After an offseason that saw the untimely deaths of three players and a jet crash that wiped out an entire team in Russia’s Kontinental Hockey League, you could understand why the world of professional hockey would want to get back to talking about the action on the ice. But now, just a week before the start of the 2011-12 regular season, the talk in and around the NHL is dominated by just how far the league should go in policing the speech of its players.
The bizarre chain of events began a little more than a week ago when the Detroit Red Wings and Philadelphia Flyers played an exhibition game in London, Ontario. It was there that a fan tossed a banana peel at Flyers forward Wayne Simmonds, one of the league’s few black players. The condemnation of the act was as swift as it was universal, and it only took a few days for local police to identify the knucklehead who threw the banana peel at Simmonds.
But just as that story started to fade from the headlines, Simmonds found himself in the middle of another media storm. This time the bigot’s skate was on the other foot, as Simmonds was accused of hurling an anti-gay slur at New York Rangers agitator Sean Avery (click here to watch the video if you’re interested in doing some lip reading). While Simmonds didn’t deny Avery’s accusation and the league neglected to discipline him due to insufficient evidence, that’s not enough for some folks. As of this morning, a petition calling for the league to fine Simmonds over the incident had collected more than 40,000 signatures.
If you think that gay rights and hockey seems like an odd combination at first blush, you probably haven’t been paying attention lately. Avery, no stranger to the league’s disciplinary process, raised some eyebrows around the league when he appeared in a public service ad promoting the legalization of gay marriage in New York State earlier this year. And Toronto Maple Leafs general manager Brian Burke has found himself cast in the unlikely role of gay rights advocate in the wake of the tragic death of his son Brendan. When the news hit concerning Simmonds, Burke was front and center demanding that the league take action if the accusations were proven to be true.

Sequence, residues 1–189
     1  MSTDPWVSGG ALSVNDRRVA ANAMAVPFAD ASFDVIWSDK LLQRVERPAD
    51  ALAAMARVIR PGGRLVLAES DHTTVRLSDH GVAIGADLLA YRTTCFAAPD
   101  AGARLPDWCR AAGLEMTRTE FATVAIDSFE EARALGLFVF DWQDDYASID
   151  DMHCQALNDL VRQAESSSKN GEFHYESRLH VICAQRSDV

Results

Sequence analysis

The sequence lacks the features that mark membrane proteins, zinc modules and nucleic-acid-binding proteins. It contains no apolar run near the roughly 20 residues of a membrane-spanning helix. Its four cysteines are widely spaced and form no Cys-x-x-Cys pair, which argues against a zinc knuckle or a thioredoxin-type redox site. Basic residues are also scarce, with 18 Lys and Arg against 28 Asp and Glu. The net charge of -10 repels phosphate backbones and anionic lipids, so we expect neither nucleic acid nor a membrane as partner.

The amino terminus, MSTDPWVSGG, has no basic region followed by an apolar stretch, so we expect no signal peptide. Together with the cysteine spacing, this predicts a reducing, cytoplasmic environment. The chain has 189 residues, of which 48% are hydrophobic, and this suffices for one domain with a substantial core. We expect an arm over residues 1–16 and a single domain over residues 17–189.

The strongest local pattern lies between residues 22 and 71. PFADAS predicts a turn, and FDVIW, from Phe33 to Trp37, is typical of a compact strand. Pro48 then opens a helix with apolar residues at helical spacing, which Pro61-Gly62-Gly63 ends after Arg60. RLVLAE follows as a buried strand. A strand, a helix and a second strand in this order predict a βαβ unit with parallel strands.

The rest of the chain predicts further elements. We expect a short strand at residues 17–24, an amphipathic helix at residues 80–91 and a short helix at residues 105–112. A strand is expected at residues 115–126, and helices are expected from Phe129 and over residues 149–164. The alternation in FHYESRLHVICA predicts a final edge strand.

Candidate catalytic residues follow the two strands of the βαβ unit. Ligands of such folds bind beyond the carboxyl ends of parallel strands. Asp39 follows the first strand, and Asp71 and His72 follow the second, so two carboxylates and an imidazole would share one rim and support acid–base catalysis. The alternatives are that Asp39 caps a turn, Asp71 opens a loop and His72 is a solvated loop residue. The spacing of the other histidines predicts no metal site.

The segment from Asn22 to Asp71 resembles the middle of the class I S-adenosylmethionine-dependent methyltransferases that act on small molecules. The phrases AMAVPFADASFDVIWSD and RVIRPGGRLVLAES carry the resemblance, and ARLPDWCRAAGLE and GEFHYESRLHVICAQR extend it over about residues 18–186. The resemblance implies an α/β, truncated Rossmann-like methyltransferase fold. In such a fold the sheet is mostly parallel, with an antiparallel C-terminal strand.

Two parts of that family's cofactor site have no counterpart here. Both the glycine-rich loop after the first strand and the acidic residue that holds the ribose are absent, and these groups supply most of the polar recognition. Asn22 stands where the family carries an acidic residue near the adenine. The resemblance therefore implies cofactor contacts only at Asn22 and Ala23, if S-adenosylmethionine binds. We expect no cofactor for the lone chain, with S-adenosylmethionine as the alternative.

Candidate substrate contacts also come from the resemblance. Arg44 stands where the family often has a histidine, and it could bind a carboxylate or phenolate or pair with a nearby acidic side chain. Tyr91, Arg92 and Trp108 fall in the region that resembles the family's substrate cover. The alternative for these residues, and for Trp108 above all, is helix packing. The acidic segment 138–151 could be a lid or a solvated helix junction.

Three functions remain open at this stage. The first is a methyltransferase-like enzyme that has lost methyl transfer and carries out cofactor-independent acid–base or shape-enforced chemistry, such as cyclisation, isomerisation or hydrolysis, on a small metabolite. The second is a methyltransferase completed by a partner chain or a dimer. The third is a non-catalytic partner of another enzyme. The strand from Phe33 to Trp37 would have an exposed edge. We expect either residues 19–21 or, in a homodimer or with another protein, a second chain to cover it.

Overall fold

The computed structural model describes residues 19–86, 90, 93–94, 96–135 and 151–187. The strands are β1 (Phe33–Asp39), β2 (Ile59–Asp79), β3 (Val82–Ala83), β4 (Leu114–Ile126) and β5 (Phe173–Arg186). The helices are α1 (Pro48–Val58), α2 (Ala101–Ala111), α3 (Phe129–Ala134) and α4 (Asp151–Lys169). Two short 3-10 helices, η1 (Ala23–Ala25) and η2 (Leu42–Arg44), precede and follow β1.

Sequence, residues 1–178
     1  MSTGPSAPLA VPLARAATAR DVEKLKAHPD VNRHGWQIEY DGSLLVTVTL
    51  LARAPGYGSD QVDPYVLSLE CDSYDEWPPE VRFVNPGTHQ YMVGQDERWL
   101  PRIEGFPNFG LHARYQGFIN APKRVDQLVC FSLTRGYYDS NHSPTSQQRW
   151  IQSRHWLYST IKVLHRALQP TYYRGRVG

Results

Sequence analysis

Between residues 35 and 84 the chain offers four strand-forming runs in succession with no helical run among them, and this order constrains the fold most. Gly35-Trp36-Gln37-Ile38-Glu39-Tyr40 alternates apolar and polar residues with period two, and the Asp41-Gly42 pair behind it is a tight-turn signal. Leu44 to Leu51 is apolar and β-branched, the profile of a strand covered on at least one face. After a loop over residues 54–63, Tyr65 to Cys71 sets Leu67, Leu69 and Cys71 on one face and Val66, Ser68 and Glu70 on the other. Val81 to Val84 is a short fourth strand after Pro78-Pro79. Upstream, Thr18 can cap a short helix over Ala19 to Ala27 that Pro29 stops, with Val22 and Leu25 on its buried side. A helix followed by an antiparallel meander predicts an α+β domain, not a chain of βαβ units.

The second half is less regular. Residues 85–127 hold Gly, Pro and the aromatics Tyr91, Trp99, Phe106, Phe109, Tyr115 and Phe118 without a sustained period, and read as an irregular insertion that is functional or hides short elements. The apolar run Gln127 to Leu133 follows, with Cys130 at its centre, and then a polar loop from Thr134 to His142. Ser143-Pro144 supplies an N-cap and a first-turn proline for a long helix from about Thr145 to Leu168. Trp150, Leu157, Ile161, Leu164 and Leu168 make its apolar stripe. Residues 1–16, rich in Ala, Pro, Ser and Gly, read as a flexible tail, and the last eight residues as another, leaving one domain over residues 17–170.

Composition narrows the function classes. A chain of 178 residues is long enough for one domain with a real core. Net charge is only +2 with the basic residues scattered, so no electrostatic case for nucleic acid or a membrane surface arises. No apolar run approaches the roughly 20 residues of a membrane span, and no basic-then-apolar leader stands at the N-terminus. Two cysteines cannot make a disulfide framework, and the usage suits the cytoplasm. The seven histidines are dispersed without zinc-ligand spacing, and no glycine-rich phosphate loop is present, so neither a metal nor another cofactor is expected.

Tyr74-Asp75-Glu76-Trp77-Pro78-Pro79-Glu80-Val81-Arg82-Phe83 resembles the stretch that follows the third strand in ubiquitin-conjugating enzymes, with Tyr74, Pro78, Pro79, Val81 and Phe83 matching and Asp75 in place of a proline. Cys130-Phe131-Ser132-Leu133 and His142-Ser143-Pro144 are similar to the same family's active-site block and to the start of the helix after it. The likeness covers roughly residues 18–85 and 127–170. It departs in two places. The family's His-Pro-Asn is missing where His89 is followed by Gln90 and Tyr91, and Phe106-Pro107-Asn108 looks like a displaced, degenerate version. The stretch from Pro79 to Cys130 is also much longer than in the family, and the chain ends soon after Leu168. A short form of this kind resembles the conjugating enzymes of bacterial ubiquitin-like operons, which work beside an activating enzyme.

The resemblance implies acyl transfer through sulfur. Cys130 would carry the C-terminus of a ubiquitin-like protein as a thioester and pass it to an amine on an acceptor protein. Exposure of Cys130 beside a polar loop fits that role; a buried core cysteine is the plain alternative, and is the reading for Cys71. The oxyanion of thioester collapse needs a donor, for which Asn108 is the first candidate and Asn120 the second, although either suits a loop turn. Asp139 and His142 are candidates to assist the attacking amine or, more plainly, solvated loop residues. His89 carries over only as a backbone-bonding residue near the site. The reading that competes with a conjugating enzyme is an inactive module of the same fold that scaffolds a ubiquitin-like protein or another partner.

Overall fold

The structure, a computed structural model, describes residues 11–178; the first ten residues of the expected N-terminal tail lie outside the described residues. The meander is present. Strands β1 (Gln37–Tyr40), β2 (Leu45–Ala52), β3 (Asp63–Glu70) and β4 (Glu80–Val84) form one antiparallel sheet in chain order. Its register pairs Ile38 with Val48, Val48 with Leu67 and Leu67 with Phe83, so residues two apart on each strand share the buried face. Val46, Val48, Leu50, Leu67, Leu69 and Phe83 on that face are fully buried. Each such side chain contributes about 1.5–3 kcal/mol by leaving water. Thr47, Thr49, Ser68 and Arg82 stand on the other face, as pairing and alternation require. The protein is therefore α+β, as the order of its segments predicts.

I’m glad that these sort of actions are subject to universal condemnation. Yet at the same time, we need to remember that ice hockey remains an incredibly brutal sport. It is the only major professional sport that permits — and in the minds of some, quietly encourages — fighting on the field of play. Meanwhile, the league continues to struggle mightily to police blows to the head that could potentially lead to a death on the ice.
So, by all means, the league should be encouraged to discipline players who engage in the sort of behavior that might harm its image with its fans and business partners. At the same time, I would hope it would devote the same energy and urgency to protecting its players from on-ice injuries that could permanently maim or even kill them.
ELSEWHERE: Like a few million other folks, I was up well past midnight earlier this week to follow an incredibly exciting end to Major League Baseball’s regular season. But despite all the hoopla, the best-rated cable television program on that night was the season premiere of “The Real World” on MTV.
Eric McErlain blogs at Off Wing Opinion, a Forbes “Best of the Web” winner. In 2006 he wrote a “bloggers bill of rights” to help integrate bloggers into the Washington Capitals’ press box. Eric has also written for Deadspin, NBC Sports and the Sporting News, and covers sports television for The TV News. Follow Eric on Twitter.